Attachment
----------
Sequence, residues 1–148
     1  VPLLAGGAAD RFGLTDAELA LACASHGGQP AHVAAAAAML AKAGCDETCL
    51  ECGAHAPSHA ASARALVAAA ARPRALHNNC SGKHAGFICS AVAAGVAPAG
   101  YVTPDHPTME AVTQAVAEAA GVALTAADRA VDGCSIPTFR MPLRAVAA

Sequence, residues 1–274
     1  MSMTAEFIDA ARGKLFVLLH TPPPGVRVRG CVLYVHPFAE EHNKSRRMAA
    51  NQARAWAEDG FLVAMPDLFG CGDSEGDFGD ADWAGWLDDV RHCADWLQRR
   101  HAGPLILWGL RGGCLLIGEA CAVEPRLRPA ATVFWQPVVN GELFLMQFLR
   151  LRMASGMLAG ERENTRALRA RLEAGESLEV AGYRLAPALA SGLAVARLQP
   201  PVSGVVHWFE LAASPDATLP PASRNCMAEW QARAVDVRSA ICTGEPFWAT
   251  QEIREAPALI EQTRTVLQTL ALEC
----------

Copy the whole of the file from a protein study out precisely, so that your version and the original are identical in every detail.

Sequence, residues 1–148
     1  VPLLAGGAAD RFGLTDAELA LACASHGGQP AHVAAAAAML AKAGCDETCL
    51  ECGAHAPSHA ASARALVAAA ARPRALHNNC SGKHAGFICS AVAAGVAPAG
   101  YVTPDHPTME AVTQAVAEAA GVALTAADRA VDGCSIPTFR MPLRAVAA

Sequence, residues 1–274
     1  MSMTAEFIDA ARGKLFVLLH TPPPGVRVRG CVLYVHPFAE EHNKSRRMAA
    51  NQARAWAEDG FLVAMPDLFG CGDSEGDFGD ADWAGWLDDV RHCADWLQRR
   101  HAGPLILWGL RGGCLLIGEA CAVEPRLRPA ATVFWQPVVN GELFLMQFLR
   151  LRMASGMLAG ERENTRALRA RLEAGESLEV AGYRLAPALA SGLAVARLQP
   201  PVSGVVHWFE LAASPDATLP PASRNCMAEW QARAVDVRSA ICTGEPFWAT
   251  QEIREAPALI EQTRTVLQTL ALEC